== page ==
I could not dwell on such objections, since I needed to translate this sonnet. I was working on a new translation of sonnets 127 to 154 into Dutch. I had to keep asking why Shakespeare used certain words, and not some of the easy words that I, for reasons of rhythm and rhyme, would like to use in Dutch. I read this poem over and over again.5

It made me realize this sonnet is probably more sexual than it is thought to be. The bawdy ambiguities have spectacularly gone unnoticed, even though sonnet 145 is embedded by Shakespeare’s most sexual sonnets, in which he addresses the notorious Dark Lady, someone who is neither kind nor beautiful, yet has an enormous sexual power over the poet.

Take a look at the very first line: Those lips that Love’s own hand did make. According to the usual footnotes, Love’s own hand must be Cupid’s hand. Yet as a translator, I had to ask: if that were true, why then did he not write Cupid’s hand? It would have fit the meter.

Love is an ambiguous concept in itself, the hands of love even more so. Could a genuine hand shape ‘those lips’? It easily could in many ways. The Dark Lady is not a work of art by the Gods. She is deceitful, she creates her own expression and uses cosmetics. Her lips could also express excitement, which fits the next line: to ‘breath forth a sound’ is not just talking, is it?

Bear with me now; once you change the perspective, the whole poem shifts.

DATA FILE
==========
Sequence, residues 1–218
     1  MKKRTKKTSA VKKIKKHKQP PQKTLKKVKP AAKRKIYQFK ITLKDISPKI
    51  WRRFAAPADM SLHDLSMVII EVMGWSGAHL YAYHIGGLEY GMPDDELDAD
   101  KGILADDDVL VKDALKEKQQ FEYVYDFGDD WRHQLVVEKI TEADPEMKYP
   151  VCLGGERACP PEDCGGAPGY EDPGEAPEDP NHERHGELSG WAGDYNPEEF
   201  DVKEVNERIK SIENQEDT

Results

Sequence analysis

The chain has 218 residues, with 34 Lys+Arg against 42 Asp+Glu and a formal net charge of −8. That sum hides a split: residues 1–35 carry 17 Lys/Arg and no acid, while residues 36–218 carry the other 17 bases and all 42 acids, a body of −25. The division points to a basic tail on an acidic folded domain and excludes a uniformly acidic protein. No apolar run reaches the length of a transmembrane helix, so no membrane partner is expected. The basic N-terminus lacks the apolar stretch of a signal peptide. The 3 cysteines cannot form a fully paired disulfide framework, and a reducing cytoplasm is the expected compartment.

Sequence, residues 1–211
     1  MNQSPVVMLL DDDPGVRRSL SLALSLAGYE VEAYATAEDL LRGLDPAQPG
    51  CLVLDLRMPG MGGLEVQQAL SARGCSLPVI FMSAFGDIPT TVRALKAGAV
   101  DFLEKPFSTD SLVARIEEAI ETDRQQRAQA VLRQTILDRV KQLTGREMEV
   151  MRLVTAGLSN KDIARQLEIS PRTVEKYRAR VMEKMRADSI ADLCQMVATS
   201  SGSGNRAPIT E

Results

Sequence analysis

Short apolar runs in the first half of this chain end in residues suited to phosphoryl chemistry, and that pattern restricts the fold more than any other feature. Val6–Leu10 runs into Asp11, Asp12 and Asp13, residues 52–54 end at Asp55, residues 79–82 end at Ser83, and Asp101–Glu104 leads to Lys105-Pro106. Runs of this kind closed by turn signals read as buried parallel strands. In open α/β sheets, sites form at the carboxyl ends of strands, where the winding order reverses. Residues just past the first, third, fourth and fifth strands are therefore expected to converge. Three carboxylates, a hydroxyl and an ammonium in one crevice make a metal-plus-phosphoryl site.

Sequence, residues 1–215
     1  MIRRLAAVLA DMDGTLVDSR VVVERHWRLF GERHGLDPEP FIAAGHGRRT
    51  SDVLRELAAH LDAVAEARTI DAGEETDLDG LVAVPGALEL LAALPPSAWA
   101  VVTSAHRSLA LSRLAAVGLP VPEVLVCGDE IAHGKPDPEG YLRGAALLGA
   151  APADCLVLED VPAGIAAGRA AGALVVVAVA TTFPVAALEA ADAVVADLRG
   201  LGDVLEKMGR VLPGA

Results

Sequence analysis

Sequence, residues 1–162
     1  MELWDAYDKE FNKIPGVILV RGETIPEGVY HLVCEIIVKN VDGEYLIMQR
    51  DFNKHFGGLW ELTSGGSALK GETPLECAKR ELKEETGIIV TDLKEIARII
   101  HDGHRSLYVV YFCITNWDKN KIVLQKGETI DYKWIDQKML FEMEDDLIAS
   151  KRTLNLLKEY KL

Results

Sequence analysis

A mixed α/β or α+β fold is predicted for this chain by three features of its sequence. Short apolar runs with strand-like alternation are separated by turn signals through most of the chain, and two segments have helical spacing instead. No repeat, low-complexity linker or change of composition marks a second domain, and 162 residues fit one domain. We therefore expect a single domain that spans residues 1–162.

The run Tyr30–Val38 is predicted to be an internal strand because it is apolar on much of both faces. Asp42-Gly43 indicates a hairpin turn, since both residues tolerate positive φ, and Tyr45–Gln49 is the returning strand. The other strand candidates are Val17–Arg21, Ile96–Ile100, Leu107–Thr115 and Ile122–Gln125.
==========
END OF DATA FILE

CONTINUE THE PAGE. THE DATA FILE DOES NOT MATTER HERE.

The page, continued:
To ‘languish’ is not just to pine, it also means to drip, as it does in Shakespeare’s play Cymbeline: “Nay, let her languish a drop of blood a day, and being aged die of this folly,” the king says. Either way, to languish for her sake could be read as a sexual act.

And when she sees his woeful state, she might see more than a face in agony. And yes, straight in her hart did mercy come. His woeful state strikes deeply. (‘Straight’ mostly meant ‘straightaway’ in those days, but it had a sense of decisiveness that already foreshadowed the later, more geometrical sense.)

And when commentators say that ‘giving gentle doom’ is saying something hurtful in a sweet way, they might be missing out on a joke. A tongue is not just for talking. Giving gentle doom could be a pretty accurate description of fellatio.

These ideas could shed some light on the often criticized imagery that now follows, where Shakespeare makes day come after night and then makes a devil (fiend) fly away from heaven into hell. Read as a sexual poem in the series of sonnets for the Dark Lady, this is not exactly puzzling. The poet loves this woman precisely for her sins, as he so often emphasizes in the other sonnets. To him, the sun rises when she sins. It is to his relief when she flies away into hell, which, by the way, is a sexual word.

When you think it over, ‘I hate’ could easily signify the foul language during harsh sex that later dissolves into love when the lovers are exhausted.